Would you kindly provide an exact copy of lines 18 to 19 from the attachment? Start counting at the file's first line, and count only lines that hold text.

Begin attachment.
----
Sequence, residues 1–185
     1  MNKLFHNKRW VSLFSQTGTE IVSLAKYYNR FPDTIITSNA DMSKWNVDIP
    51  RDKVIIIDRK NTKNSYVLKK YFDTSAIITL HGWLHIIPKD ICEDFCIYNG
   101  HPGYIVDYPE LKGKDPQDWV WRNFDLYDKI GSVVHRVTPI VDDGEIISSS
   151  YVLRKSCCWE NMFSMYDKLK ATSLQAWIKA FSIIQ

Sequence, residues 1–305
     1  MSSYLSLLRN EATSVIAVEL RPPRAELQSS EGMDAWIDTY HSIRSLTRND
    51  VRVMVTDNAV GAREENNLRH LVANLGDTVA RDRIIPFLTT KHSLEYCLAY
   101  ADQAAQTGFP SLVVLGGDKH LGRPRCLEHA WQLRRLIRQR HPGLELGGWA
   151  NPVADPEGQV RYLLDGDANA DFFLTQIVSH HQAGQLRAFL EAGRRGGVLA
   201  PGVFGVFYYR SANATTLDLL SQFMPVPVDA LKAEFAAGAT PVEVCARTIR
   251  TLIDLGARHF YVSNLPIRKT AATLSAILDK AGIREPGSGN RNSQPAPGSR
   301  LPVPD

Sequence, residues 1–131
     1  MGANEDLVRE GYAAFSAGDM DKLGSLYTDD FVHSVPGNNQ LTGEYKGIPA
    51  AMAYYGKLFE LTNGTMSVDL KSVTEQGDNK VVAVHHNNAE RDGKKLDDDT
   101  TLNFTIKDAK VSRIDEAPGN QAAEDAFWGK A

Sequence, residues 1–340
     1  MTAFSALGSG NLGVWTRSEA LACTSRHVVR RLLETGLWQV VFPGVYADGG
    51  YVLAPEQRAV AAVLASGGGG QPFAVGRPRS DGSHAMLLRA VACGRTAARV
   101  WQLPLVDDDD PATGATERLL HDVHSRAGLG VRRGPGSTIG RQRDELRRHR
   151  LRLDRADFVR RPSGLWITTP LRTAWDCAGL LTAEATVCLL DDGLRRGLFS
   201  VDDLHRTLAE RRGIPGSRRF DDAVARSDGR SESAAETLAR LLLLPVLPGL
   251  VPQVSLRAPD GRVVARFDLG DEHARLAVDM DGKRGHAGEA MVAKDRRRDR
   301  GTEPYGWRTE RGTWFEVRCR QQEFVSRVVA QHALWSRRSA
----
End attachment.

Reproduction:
Sequence, residues 1–340
     1  MTAFSALGSG NLGVWTRSEA LACTSRHVVR RLLETGLWQV VFPGVYADGG